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In the Mideast, Entrepreneurs Flourish

Fortune

There's nothing new about ambitious start-ups duking it out for the recognition and money that comes with winning a prestigious start-up competition. What might be surprising is that two of the largest such competitions this year were hosted in the Middle East solely for Middle East entrepreneurs. And their sponsors, MIT and Google, are among the most vaulted names in global technology.

In a region dominated by instability and uncertainty, any investor might ask, "Why now?"

"In fact the time is ripe now," notes Wael Fakharany, Google's Regional Manager for Egypt and North Africa, and founder of Ebda2 (Arabic for "Beginning"), Google's first regional competition focused on Egypt entrepreneurs.  "There are many unsettled places in the world showing remarkable innovation today." He points to the basic demographics of Egypt: More than 17 million enrolled students, over 2.3 million Egyptians working in the technology sector, over 35 million people actively using the Internet and over 90 million mobile users. "We believe that one of the next waves of impact and growth will emerge from this part of the world," he says.

This confirms the momentum that Hala Fadel, a Paris and Beirut-based global investor and founder of the MIT Enterprise Forum of the Pan-Arab Region, has seen in there recently. This year's MIT Business Plan Competition, done in partnership with the Saudi corporate social responsibility effort Abdul Latif al Jameel Community Initiative and covering all of the Middle East, is her fifth. "During 2006, our first year, we expected 200 applications from around the Middle East, but received over 1,500," she says. "This year over 4,500 teams of three people or more competed – that means over 13,000 potential entrepreneurs." She added that nearly half of the teams this year included women. "We even received over 100 applications – get this – from Syria!"

MIT pitches ranged from addressing local and regional needs to aspirants looking to compete with world-class global technology start-ups. First place, along with a $50,000 prize, went to Butterfleye, which has created a smart goggle for swimmers that monitors their heart rate and tracks their fitness.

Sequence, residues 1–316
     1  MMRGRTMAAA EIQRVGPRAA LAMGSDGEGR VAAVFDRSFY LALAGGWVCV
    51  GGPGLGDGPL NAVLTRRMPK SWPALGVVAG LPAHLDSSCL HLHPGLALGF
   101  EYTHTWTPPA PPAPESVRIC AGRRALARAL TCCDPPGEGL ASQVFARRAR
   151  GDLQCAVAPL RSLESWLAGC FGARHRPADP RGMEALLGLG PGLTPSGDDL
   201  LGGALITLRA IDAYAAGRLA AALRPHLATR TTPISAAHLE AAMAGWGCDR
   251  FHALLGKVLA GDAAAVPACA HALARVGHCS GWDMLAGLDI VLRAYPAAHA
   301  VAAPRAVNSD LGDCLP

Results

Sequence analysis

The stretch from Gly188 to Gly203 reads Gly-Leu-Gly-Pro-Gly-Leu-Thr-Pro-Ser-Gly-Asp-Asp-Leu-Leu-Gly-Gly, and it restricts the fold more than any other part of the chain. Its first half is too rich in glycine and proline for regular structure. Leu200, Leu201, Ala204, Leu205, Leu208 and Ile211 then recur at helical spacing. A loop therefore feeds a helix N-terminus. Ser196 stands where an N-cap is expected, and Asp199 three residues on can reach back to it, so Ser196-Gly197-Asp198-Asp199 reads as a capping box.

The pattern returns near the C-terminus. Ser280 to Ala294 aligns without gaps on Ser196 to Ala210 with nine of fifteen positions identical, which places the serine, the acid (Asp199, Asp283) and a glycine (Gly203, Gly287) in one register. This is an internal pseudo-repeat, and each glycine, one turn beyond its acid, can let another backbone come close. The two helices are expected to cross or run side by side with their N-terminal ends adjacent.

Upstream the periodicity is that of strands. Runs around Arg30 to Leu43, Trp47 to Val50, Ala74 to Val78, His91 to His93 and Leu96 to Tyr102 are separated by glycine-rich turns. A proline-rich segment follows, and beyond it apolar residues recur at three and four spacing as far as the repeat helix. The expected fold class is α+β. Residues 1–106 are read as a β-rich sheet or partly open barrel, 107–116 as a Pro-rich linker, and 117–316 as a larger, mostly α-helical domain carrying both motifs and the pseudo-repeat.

Winner of the $10,000 second-place prize, Qabila Media Productions, took off when its crowd-sources video services went viral during the Egyptian uprising. Third place Silgenix, also from Egypt, created an integrated circuit design company specializing in increasing the battery lifetime of portable electronic devices. Other finalists created regional social networks, eCommerce platforms, online education courses, capabilities to increase internet connection speeds and reliability among others. Competitors came from every corner of the region, from Saudi Arabia to Palestine.

More than 4,200 entrepreneurs competed in Google's Egypt-focused Ebda2, culled down to twenty finalists over nine months of multiple rounds of training, mentoring and judging. To create awareness, Ebda2 and Google staff chartered a bus and travelled throughout the country on a road show to gather participants and to offer training.   Visiting twelve universities in twelve cities as widely diverse as the large urban centers of Cairo and Alexandria to the smaller cities such as Tanta, Fayoum, Port Said, they met more than 1,500 entrepreneurs with ideas in areas ranging from consumer internet to health care.

The winner of $200,000, Bey2ollak, is a six-person team taking on one of the most vexing problems in Egypt – traffic.  It offers a crowd-sourced traffic information service and mobile app to track all major roads in Cairo and Alexandria. "I could not believe my eyes as I spent a day meeting with the finalists," says Mohammed Gawdat, Vice President of Google (GOOG) in Southern and Eastern Europe, Middle East and Africa. "The passion, the energy, freedom of expression, thought leadership and the healthy disregard for the impossible blew me away. I felt as if I were spending the day with Googlers."

Do these competitions matter? "We believe that the Internet is a net contributor to the economy in the region and in Egypt," notes Fakharany, "But it is also the best kept secret. We spent $200,000 in this one, but we are committed to spend another $2.3 m over the next couple of years. The face of Egypt can be changed through technology."

Fadel believes that a connectedness created in gatherings like these help foster further innovation, just as it does in the U.S. "Being an entrepreneur is, by definition a lonely thing," she says. "The odds of failure are great. One cannot underestimate the importance of mental support to startups when participating because they realize that they are not the only ones working hard in this region when they see others like them doing the same and succeeding."

Both Fadel and Fakharany believe we are in the earliest days of this startup boom in the Middle East. Global and local institutions, in fact, have been hosting hundreds of competitions throughout the region, and more will come. "Success breeds success," says Fadel. "It's just basic math."

Originally published by Fortune, September 7, 2012.

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